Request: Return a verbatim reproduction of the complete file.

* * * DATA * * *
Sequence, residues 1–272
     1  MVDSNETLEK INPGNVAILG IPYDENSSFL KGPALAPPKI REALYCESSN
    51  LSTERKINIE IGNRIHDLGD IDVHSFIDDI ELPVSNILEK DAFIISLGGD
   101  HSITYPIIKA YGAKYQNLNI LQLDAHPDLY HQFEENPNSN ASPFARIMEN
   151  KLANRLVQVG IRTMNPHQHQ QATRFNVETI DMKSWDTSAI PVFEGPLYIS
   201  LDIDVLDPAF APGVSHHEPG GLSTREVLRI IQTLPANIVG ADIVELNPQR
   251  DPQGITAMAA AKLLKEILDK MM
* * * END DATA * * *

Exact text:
Sequence, residues 1–272
     1  MVDSNETLEK INPGNVAILG IPYDENSSFL KGPALAPPKI REALYCESSN
    51  LSTERKINIE IGNRIHDLGD IDVHSFIDDI ELPVSNILEK DAFIISLGGD
   101  HSITYPIIKA YGAKYQNLNI LQLDAHPDLY HQFEENPNSN ASPFARIMEN
   151  KLANRLVQVG IRTMNPHQHQ QATRFNVETI DMKSWDTSAI PVFEGPLYIS
   201  LDIDVLDPAF APGVSHHEPG GLSTREVLRI IQTLPANIVG ADIVELNPQR
   251  DPQGITAMAA AKLLKEILDK MM